The greatest miracle in the story of Hanukkah, which begins Sunday night, is that more than 2,000 years after the initial event, Jews are still celebrating. That continuity is a sign that the holiday offers a deep lesson that touches all of our lives.
Hanukkah commemorates a battle won, despite astonishing odds, by the Maccabees against the Seleucid monarch Antiochus and those Jews allied with him, who appeared ready to abandon their tradition. But later rabbis, uncomfortable with military-themed celebrations, focused the holiday on the miracle unmentioned in the book of Maccabees—that in the Temple, after it was cleaned out, a cruz of oil that should have lasted one day lasted eight.
At the time of the Maccabees (166BCE) the Temple already stood, of course, although it had been defiled and used as a garbage dump. The Maccabees rededicated it. Very few remember when the Temple was first dedicated (on the Jewish holiday of Sukkot 1 Kings 8:2), but almost all Jews remember when it was rededicated. Hanukkah, the holiday of rededication, teaches us something essential about successful living.
I have known many people—Holocaust survivors, refugees who fled oppression, people plagued with illness and others to whom life has dealt cruel blows. Some of them lost everything and had to begin again. Despite many reasons to despair, in a crucial turn toward the future, resilient spirits choose renewed hope and rededicated themselves to purposeful living. That ‘Hanukkah’ moment is the inspiration we all need. Everyone fails in ways large and small and needs the strength to rise anew.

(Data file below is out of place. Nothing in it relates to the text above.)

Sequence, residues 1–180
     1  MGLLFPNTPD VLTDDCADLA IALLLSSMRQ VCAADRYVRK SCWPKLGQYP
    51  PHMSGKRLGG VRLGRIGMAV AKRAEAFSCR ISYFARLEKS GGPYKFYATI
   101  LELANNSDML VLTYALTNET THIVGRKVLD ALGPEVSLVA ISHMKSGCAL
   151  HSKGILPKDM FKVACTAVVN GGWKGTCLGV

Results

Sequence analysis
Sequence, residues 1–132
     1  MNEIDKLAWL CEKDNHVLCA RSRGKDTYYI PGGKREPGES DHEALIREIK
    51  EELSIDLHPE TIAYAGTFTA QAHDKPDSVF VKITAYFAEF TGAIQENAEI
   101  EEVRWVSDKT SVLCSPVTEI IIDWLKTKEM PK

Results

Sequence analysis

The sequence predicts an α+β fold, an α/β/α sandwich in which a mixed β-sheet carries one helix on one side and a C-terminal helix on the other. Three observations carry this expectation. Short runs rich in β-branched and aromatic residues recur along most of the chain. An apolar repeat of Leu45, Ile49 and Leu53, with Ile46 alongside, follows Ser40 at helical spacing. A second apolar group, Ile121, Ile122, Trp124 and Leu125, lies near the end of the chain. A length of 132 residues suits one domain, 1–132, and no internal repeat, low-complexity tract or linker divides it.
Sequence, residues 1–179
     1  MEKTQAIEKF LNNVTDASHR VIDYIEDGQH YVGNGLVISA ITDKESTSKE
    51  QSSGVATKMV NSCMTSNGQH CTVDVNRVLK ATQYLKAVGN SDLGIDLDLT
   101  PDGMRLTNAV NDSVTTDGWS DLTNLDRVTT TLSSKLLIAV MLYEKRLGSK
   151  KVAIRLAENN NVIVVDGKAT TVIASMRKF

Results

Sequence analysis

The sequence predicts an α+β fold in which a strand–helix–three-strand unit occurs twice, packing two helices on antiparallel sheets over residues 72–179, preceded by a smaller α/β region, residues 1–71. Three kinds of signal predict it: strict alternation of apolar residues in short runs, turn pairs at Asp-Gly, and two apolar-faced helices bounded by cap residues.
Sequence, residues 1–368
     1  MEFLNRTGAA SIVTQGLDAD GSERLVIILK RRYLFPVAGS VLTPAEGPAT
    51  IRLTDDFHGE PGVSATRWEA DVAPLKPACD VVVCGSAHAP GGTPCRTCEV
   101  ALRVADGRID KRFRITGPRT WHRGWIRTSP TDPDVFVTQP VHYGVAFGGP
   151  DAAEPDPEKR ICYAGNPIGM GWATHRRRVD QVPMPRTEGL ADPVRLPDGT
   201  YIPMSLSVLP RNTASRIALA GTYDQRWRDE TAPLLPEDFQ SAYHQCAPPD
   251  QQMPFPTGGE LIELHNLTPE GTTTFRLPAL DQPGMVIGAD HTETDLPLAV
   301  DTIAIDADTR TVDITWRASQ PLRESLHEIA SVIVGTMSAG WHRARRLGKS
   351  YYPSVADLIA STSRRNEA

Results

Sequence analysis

The marriage that is floundering requires rededication. The student who is failing must rededicate herself. The addict starting each new day of sobriety must rededicate himself. Even the most creative individual must get past the initial excitement of a new project to the daily innovation required to realize that dream. No single vision will suffice; we must see again and again and again.
Hanukkah is a winter holiday. It shines light in the darkest time of year. Each night we add another light, increasing until the entire Hanukkah menorah is illuminated.
The lights have been kindled in millions of homes over thousands of years. It was not always easy: Already in the Talmud there are provisions for lighting secretly in times of persecution. But the Jewish commitment to publicizing the miracle of rededication endured.
The late Rabbi Hugo Gryn was a child in Auschwitz. The holiday of Hanukkah came, and after fashioning a makeshift menorah, his father melted the precious margarine ration to light a wick for the first night. The young Hugo, outraged, protested to his father. How could he use the food which sustained them in the midst of such horror, just to observe the holiday?
Many years later Rabbi Gryn said that at that moment his father spoke words he never forgot. His father said: “My child, we know you can live three days without water. You can live three weeks without food. But you cannot live for three minutes without hope.”
A choice for rededication to what we believe is powerful, even sacred. There are moments when all of us are afraid, when we feel hopeless and alone. Learn the lesson of Hanukkah, the holiday of rededication: No matter how many times you have done it before once again, when you face the dark, light a candle.